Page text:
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Financing Public Goods by Means of Lotteries


  • John Morgan


When viewed as taxes, lotteries are routinely criticized as being both inequitable and inefficient. But is this an entirely fair comparison? Frequently lotteries are used in lieu of voluntary contributions by private charities and governments when taxes are not feasible. When heterogeneous individuals with quasi-linear preferences participate in lotteries whose proceeds will be used to fund a public good, we find that, relative to voluntary contributions, wagers in the unique lottery equilibrium (a) increase the provision of the public good, (b) are welfare improving, and (c) provide levels of the public good close to first-best as the lottery prize increases.

Suggested Citation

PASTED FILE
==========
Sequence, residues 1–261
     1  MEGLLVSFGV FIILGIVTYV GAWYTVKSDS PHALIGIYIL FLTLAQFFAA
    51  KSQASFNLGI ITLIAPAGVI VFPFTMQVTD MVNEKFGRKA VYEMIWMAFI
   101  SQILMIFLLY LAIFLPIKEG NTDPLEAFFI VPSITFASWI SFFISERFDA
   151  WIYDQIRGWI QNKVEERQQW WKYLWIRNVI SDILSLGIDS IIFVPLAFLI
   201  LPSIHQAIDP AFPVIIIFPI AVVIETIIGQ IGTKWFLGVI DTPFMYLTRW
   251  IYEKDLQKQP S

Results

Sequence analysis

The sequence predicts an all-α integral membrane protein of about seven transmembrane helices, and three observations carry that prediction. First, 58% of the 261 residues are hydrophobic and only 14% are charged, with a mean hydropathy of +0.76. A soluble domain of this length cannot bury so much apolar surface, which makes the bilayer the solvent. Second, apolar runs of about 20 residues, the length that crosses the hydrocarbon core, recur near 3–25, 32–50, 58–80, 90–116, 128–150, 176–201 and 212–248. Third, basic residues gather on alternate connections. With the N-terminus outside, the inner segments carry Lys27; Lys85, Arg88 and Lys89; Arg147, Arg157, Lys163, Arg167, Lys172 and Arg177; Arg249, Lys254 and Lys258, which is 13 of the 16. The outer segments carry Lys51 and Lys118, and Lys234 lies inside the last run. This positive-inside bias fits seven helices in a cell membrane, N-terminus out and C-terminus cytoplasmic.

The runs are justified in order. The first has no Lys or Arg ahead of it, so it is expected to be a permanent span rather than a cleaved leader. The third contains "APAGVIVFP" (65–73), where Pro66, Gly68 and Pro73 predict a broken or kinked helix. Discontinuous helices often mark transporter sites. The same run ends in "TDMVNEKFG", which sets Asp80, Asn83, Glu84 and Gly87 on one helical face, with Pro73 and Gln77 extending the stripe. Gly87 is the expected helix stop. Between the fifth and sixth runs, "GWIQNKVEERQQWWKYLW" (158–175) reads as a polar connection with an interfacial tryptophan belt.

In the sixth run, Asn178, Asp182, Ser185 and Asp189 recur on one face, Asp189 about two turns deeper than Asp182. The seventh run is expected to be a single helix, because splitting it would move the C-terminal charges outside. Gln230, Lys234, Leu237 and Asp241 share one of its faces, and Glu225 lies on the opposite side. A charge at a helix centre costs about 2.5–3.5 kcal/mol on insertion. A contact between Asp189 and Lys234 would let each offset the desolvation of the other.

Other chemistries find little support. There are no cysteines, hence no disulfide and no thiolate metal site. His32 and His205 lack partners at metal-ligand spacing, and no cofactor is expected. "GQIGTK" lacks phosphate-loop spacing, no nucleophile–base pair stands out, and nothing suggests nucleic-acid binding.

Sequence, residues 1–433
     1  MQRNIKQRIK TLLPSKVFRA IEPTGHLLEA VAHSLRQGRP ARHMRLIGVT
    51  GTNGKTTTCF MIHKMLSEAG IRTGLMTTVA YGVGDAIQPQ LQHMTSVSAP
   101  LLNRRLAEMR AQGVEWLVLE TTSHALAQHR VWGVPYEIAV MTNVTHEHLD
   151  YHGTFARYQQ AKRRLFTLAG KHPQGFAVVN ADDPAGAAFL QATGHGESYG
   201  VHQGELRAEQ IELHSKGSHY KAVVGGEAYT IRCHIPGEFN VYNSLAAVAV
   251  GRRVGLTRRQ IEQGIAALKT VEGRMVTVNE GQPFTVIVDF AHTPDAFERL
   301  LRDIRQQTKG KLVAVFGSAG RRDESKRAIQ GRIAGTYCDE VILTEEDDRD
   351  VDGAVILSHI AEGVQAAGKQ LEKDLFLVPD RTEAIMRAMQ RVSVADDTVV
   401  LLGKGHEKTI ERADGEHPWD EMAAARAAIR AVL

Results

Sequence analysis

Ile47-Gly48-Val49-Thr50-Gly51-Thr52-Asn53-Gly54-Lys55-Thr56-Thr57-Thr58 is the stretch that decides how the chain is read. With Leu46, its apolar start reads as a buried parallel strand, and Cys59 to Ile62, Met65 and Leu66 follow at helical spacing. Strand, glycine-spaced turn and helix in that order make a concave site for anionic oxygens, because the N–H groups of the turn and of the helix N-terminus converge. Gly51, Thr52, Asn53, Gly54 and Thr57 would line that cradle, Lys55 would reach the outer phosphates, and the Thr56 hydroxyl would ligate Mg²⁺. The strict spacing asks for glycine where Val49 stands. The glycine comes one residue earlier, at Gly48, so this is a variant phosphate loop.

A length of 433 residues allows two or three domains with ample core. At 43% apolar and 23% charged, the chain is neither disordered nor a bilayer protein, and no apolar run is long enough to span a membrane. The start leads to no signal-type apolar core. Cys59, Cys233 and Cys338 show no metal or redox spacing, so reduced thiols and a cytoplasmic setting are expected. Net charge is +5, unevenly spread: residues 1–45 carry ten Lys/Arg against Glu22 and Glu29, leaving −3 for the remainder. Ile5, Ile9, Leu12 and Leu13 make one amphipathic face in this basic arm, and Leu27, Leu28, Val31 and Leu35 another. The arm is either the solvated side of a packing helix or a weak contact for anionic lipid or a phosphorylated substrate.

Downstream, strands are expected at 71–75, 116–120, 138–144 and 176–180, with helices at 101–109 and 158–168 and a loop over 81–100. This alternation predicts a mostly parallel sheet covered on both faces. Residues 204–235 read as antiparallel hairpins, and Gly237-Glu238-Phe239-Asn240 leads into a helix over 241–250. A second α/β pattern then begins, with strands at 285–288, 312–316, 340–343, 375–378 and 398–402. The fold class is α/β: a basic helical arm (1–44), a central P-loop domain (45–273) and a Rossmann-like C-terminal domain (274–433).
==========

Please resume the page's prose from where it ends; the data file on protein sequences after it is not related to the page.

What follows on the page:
• John Morgan, 2000. "Financing Public Goods by Means of Lotteries," Review of Economic Studies, Oxford University Press, vol. 67(4), pages 761-784.
  • Handle: RePEc:oup:restud:v:67:y:2000:i:4:p:761-784.

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    References listed on IDEAS

    1. Roland Bénabou, 1996. "Inequality and Growth," NBER Chapters,in: NBER Macroeconomics Annual 1996, Volume 11, pages 11-92 National Bureau of Economic Research, Inc.
    2. Banerjee, Abhijit V & Newman, Andrew F, 1993. "Occupational Choice and the Process of Development," Journal of Political Economy, University of Chicago Press, vol. 101(2), pages 274-298, April.
    3. Philippe Aghion & Patrick Bolton, 1997. "A Theory of Trickle-Down Growth and Development," Review of Economic Studies, Oxford University Press, vol. 64(2), pages 151-172.
    4. Thomas Piketty, 1997. "The Dynamics of the Wealth Distribution and the Interest Rate with Credit Rationing," Review of Economic Studies, Oxford University Press, vol. 64(2), pages 173-189.
    5. Bernanke, Ben & Gertler, Mark, 1989. "Agency Costs, Net Worth, and Business Fluctuations," American Economic Review, American Economic Association, vol. 79(1), pages 14-31, March.
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